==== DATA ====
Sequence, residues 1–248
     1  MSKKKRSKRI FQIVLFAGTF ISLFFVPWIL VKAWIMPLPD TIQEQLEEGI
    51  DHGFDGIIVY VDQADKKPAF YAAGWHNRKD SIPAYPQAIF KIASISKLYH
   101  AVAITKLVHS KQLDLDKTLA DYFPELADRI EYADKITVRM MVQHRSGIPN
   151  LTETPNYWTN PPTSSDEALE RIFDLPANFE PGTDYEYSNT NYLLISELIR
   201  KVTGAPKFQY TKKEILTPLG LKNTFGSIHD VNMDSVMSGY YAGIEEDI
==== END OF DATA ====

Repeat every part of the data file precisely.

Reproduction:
Sequence, residues 1–248
     1  MSKKKRSKRI FQIVLFAGTF ISLFFVPWIL VKAWIMPLPD TIQEQLEEGI
    51  DHGFDGIIVY VDQADKKPAF YAAGWHNRKD SIPAYPQAIF KIASISKLYH
   101  AVAITKLVHS KQLDLDKTLA DYFPELADRI EYADKITVRM MVQHRSGIPN
   151  LTETPNYWTN PPTSSDEALE RIFDLPANFE PGTDYEYSNT NYLLISELIR
   201  KVTGAPKFQY TKKEILTPLG LKNTFGSIHD VNMDSVMSGY YAGIEEDI